Column: Wisconsin Final Four team has a family tree with deep coaching roots
As the Wisconsin Badgers embark on a mission not impossible in the NCAA Final Four on Saturday, it might be useful, as you watch, to understand their roots.
They are a mosaic of hand-me-downs.
Their game against Kentucky, 38-0 and presumably unbeatable, may be seen as a morality play.
It will match Kentucky’s hired guns, players who arrive in Lexington more for an audition with the NBA than for a marketing degree, against a Wisconsin team that has aged like fine wine.
This is a game of the one-and-dones versus the stay-and-plays.
The debate over the annual construction of Kentucky’s team will rage on. The letters N-C-A-A, as the sanctioning body of this, will be invoked in anger many times. These days, those letters invoke little else.
More interesting, although more nuanced and subtle, is the construction of the Badgers.
They are the product of Coach Bo Ryan, a 67-year-old maestro with a clipboard.
He is in his 14th season in Madison, and his record is 356-124. Saturday’s game will be Wisconsin’s second straight Final Four appearance, half of the school’s history. Coach Bud Foster won the national title in 1941, and the Badgers’ only other trip was in 2000.
So who is Ryan, and why is he the way he is?
Think of his family tree as including the following: Ken Anderson, Dick Bennett, Al McGuire and Rick Majerus.
Anderson coached 27 years at UW-Eau Claire. He is 82 and recently had the basketball court at Eau Claire named for him. He made it to two NAIA title games and has the second-best winning percentage in college basketball at .806, behind Adolph Rupp and ahead of John Wooden.
In 1982, Anderson was named Wisconsin’s basketball coach. He went to the press conference — Athletic Director Elroy Hirsch was on a cruise and not there — and when Anderson’s name was mispronounced and the proceedings generally botched, Anderson said no thanks and went back to Eau Claire.
The Wisconsin team that made the Final Four in 2000 was coached by Bennett, now 71. Before taking over the big-school program in Madison, Bennett had coached at UW-Stevens Point and later UW-Green Bay.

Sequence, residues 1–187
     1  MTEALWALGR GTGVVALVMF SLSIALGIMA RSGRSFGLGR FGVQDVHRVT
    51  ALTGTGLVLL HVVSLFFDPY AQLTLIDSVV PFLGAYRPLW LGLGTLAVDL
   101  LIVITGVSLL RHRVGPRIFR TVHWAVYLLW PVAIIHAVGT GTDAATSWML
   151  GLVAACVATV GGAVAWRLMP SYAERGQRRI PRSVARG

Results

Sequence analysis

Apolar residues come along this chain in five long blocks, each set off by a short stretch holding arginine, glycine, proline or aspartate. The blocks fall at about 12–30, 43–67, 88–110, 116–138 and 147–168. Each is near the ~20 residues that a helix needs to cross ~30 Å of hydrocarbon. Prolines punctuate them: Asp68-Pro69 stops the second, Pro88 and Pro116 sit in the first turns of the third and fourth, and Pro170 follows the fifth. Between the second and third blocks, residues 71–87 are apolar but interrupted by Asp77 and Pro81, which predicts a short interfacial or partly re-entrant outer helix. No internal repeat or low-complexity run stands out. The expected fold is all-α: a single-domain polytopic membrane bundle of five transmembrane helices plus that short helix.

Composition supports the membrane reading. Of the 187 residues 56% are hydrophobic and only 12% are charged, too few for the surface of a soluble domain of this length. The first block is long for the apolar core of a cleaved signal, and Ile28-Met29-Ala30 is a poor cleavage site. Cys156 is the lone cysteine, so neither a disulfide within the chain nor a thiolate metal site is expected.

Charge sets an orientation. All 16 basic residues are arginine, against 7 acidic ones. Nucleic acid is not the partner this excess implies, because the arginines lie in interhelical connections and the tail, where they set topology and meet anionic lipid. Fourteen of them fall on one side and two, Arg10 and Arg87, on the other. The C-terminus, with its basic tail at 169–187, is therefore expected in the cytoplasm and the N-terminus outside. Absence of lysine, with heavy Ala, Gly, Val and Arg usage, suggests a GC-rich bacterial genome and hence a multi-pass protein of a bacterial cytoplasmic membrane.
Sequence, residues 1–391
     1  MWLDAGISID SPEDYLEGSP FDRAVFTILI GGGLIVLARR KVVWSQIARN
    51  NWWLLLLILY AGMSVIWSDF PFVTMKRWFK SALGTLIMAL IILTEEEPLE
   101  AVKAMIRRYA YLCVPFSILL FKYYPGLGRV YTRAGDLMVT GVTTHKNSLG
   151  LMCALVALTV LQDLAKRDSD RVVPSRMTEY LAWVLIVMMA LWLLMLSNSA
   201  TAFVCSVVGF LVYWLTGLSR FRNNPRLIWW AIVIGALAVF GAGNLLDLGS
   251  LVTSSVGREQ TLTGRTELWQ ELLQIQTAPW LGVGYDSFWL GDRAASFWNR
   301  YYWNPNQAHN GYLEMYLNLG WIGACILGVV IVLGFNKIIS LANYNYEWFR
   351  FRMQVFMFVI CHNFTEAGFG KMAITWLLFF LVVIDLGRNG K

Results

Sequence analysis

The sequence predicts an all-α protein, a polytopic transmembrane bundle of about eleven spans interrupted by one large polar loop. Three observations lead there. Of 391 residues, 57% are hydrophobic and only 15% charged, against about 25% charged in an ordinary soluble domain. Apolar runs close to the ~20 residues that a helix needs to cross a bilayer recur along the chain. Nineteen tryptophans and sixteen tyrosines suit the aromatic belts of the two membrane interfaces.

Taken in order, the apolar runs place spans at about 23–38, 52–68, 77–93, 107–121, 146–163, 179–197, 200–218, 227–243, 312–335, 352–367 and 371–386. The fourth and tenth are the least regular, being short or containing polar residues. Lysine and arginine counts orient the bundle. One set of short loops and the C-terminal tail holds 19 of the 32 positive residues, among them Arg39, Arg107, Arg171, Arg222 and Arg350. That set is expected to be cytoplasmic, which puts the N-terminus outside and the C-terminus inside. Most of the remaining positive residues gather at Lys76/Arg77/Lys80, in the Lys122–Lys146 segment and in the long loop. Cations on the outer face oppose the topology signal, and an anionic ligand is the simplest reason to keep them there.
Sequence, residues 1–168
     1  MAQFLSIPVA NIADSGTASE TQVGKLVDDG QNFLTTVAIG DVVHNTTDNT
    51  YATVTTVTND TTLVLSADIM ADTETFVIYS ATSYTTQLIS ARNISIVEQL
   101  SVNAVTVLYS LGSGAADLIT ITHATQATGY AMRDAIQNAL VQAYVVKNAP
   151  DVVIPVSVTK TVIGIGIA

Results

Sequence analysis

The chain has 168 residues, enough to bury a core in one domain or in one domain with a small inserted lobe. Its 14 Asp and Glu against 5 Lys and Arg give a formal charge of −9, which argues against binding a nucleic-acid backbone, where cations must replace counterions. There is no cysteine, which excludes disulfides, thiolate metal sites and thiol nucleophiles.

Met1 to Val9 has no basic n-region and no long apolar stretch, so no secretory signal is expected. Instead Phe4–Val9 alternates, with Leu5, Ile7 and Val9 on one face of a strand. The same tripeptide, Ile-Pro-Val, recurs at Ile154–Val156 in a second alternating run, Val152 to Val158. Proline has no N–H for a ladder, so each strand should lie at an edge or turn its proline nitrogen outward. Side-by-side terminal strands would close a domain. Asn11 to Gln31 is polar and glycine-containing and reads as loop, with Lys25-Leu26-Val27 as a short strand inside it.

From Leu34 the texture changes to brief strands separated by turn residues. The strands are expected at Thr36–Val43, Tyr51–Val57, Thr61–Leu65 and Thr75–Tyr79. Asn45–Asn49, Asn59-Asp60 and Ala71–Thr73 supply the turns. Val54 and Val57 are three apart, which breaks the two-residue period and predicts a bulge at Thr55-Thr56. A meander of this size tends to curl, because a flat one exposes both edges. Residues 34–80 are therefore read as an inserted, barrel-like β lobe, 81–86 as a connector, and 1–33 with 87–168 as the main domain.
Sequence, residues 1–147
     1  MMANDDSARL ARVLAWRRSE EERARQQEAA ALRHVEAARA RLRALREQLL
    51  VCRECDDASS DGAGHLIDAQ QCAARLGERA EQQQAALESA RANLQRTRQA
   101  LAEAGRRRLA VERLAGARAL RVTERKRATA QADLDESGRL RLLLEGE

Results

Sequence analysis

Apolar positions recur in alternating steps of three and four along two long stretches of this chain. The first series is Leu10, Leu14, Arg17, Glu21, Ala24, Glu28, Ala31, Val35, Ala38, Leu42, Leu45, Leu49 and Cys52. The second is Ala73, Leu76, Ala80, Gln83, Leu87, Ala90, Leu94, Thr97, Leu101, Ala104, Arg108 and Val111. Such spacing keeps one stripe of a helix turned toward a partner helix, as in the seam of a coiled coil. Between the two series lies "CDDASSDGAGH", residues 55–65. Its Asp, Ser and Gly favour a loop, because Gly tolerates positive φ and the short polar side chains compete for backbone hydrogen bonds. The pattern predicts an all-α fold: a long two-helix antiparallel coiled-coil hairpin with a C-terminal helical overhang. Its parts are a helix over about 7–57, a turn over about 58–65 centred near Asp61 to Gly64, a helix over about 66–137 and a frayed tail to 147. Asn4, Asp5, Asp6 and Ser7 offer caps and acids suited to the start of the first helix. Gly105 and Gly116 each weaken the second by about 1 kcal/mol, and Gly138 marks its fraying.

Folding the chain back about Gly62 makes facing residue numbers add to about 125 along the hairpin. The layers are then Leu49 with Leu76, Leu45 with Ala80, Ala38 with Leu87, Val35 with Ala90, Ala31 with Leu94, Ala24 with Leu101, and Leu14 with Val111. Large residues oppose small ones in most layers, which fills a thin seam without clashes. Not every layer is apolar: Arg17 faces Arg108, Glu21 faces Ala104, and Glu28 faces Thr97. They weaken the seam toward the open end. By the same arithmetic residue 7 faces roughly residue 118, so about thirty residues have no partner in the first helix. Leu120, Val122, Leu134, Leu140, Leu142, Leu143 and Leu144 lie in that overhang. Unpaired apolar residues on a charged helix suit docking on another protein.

Ryan’s early success came in the same conference, and at the same levels as Anderson and Bennett. He coached at UW-Platteville — the court there is named for him — and won four NCAA Division III titles. Bennett was a man so driven that he would often get physically ill before games, and when he caved to the pressure, he was eventually replaced by Ryan, who had revived the program at UW-Milwaukee.
All three understood the roots of their core product.
Future high school basketball stars in Wisconsin shovel snow off driveways and shoot jump shots in 10-degree weather. Their mind-set is blue collar. They know Hollywood as a sign on a hill, with no thoughts of ever seeing it. They don’t work much on reverse dunks, because those are hard in long underwear and parkas.
Instead, they learn to grind it out, move their feet on defense, share the ball and stick their butts into somebody when a shot goes up.
Anderson, Bennett and Ryan enforced all this, made it the necessity and the only chance against those who jump higher and run faster. They seldom had the best players, but they always made the best of the players they had.
Then along came McGuire.
As Marquette’s glib-talking, transplanted New Yorker, he brought rivalry and hate to Badgers and Badgers fans. McGuire knew the game, recruited great players — often the kind UW couldn’t get — and was fun, slightly crazy and always controversial.
After one controversial Marquette win over UW, a celebrating McGuire got up on the scorer’s table, raised his arms and clenched his fists to the Wisconsin crowd. The stars of that UW team were 6-foot-11 twins Kim and Kerry Hughes. In the crowd, their father responded to McGuire with a raised middle finger. A photographer from the local newspaper got the shot, and the young sports editor who ran the picture was called to the principal’s office the next day.
Kim Hughes, an assistant coach with the Portland Trail Blazers, was the man who took over for a departing Mike Dunleavy for 33 games as Clipper coach in 2010.
Majerus, eventually a young McGuire assistant, had tried out as a player at Marquette and was cut because McGuire said “he was terrible.” As a coach, he validated much of what Wisconsin basketball had, and has, become. Well before he became famous and took Utah to national prominence and the NCAA final in 1998, he was a drill sergeant on Milwaukee’s playgrounds.
Fundamentals were obsessively taught. If you didn’t screen out, you sat. If you couldn’t make 20 free throws in a row, you shot 20 more. Angles of picks were 10-minute discussions.
It was Majerus who was the other main candidate when Ryan got the UW job in 2001. It was Majerus who devised the triangle-and-two that shut down Arizona’s Lute Olson and his star guards, Mike Bibby and Miles Simon, in the 1998 West Regional final at Anaheim.
And now, the last two years, it has been more Badger state karma that has destroyed yet another great Arizona team in a second-straight West Regional final in greater Los Angeles.
Majerus went on that year to lose the 1998 final, after leading late in the game, to the team he despised most, the team that always ruined his ultimate successes.
Who else? Kentucky.
Guess who beat the Badgers in the Final Four last year?
Whatever happens Saturday, Wisconsin’s basketball coaching family tree will continue to influence. Virginia’s Tony Bennett, whose team was 30-4, was named coach of the year by the U.S. Basketball Writers.
He is a former point guard at UW-Green Bay, a grind-it-out, share-the-ball, unyielding defender.
He is also Dick Bennett’s son.
Go beyond the scoreboard
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